The October 1990 issue of “Pulpit Helps” tell the following story: The late Lord Congleton had tenants who owed him much back rent. He was a Christian and he wanted to give them a lesson of how faith secures forgiveness, while unbelief shuts us out from the promises of God.
To their surprise, a notice was posted up over the estate, promising a remission of all rent to any tenant who would meet Lord Congleton on a certain day in the estate office between the hours of ten and twelve. The tenants, governed by the corruption of their evil hearts, immediately suspected a snare, and spent the intervening days trying to find out what plan was designed for their injury.
On the promised day, Lord Congleton sat in his office, and the tenants crowded the streets of the little country town, whispering and talking with much excitement, but not one entered past the open door of the house. Ten o’clock, half past ten, eleven o’clock, half past eleven came, but no tenant appeared. Still their landlord sat waiting to befriend them. At last, a little before twelve, a tenant entered the office, and asked for the promised receipt. “Do you really expect to be forgiven your debt?” asked Lord Congleton? “Yes, my Lord.” “And why?” “Your lordship has promised it.” “And do you believe the promise?” “Yes, my Lord.” “Why?” “Your lordship would not deceive a poor man.” “But are you a good and industrious man?” “The notice said nothing, my lord, about that.” “So do you believe the notice and have come for the receipt?” “Yes, my Lord.”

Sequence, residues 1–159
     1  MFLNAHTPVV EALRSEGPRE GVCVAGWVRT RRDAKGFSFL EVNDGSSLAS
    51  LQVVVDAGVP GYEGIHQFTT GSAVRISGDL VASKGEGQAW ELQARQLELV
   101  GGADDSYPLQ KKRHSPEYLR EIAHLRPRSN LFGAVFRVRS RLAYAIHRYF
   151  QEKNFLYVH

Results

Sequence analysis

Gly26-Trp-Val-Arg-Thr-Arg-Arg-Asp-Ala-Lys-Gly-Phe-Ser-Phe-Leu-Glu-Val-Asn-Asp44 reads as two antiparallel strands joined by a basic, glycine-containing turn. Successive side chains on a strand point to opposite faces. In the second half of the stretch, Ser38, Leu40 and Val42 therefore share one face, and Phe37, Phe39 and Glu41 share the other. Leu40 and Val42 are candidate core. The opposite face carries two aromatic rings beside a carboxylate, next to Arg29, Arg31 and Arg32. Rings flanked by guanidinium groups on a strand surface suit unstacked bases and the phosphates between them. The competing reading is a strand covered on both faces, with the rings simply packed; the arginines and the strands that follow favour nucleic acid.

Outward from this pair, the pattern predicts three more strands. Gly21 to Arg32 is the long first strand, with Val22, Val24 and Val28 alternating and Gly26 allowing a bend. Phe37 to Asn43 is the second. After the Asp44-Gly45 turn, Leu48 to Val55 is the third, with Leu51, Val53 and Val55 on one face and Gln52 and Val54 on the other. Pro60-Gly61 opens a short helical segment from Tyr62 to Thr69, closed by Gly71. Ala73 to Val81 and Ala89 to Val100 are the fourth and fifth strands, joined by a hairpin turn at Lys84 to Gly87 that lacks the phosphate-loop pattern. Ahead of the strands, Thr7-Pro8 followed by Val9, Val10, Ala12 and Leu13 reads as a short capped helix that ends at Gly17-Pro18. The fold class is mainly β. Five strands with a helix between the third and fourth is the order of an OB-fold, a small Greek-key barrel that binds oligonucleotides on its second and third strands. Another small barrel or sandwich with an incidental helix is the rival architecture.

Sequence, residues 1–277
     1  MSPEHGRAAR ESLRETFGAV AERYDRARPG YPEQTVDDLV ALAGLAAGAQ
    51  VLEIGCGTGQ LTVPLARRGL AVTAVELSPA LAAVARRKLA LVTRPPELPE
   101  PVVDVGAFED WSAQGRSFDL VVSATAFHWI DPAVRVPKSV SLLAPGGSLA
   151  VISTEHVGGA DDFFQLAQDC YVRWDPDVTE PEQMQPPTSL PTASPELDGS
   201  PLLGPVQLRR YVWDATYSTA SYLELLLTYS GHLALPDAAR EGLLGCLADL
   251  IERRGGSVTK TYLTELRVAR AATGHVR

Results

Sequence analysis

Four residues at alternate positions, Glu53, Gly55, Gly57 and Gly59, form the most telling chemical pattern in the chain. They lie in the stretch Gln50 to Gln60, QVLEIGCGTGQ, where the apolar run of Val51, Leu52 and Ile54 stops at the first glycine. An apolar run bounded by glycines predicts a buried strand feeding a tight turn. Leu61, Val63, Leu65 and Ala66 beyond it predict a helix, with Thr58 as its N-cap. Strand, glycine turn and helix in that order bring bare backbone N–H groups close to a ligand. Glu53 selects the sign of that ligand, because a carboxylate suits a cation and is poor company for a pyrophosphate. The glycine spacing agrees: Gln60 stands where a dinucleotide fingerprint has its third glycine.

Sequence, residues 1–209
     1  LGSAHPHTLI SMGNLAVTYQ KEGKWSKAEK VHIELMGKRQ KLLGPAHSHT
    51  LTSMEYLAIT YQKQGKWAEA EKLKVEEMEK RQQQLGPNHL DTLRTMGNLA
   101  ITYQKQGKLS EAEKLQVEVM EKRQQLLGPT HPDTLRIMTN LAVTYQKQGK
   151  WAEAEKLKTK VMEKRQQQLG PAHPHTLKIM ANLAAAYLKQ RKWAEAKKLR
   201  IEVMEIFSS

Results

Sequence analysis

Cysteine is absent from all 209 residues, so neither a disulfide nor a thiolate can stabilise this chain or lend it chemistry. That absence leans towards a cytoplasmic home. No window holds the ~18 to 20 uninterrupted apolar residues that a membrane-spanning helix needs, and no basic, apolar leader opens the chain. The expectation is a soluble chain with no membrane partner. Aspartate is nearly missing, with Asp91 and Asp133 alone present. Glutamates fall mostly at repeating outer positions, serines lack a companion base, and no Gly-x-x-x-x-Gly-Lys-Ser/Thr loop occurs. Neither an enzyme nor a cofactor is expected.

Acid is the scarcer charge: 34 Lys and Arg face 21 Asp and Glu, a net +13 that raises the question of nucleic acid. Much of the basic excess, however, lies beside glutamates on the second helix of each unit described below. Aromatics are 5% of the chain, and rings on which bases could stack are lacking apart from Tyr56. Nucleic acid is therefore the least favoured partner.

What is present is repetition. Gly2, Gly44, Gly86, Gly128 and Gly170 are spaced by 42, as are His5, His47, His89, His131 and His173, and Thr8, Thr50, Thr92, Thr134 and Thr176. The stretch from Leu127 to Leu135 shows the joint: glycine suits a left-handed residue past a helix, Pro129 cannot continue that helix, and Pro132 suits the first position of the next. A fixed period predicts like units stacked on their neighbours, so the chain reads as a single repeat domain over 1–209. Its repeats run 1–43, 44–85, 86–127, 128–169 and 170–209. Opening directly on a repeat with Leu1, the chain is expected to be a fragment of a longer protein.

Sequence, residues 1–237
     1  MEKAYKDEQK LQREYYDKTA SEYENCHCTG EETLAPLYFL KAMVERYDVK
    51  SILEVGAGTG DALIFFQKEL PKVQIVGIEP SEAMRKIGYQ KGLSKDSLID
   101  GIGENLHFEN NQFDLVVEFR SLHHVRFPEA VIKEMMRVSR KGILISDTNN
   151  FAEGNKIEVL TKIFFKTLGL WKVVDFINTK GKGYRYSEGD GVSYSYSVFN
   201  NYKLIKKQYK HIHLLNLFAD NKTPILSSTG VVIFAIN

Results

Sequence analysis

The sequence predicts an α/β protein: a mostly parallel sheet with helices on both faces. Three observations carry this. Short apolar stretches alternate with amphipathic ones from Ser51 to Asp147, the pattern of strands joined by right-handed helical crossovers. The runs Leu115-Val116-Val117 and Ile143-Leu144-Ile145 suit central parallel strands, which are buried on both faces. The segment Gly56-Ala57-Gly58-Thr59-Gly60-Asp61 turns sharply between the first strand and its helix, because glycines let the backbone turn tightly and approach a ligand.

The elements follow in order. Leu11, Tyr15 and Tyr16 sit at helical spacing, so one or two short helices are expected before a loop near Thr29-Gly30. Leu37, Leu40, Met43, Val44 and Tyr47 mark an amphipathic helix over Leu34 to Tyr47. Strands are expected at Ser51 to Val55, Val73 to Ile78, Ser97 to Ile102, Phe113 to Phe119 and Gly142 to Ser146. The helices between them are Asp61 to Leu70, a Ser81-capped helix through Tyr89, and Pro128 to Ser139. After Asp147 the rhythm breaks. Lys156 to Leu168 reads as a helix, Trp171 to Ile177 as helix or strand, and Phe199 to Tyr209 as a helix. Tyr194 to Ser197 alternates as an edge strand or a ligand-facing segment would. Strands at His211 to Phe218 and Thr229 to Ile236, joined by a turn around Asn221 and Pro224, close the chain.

Lord Congleton wrote the receipt and handed it to the man, who sprang to his feet, waving the paper over his head and shouted, “I knew you wouldn’t deceive us! Now I’ll show it to the boys,” and he made toward the door of the room.
“Stop!” cried Lord Congleton, “It is not yet twelve o’clock.” Directly the hour struck and Lord Congleton said, “You may go.” The man ran out of the house into the street, waving the receipt over his head and shouting, “I’ve got it! Didn’t I tell you it was all true! I’m a free man!”
In the same way, God offers to each a free pardon for all the debt of sin that we owe to Him, if we only will receive it as found in His Son Jesus Christ!
But, we must also not take for granted that this great opportunity will always be available. There will come a day when we will all die. None of us knows when that day will be. Should we not take advantage of His offer of pardon while there is yet time? 2 Corinthians 6:2 says, “Behold, now is the accepted time; behold, now is the day of salvation!”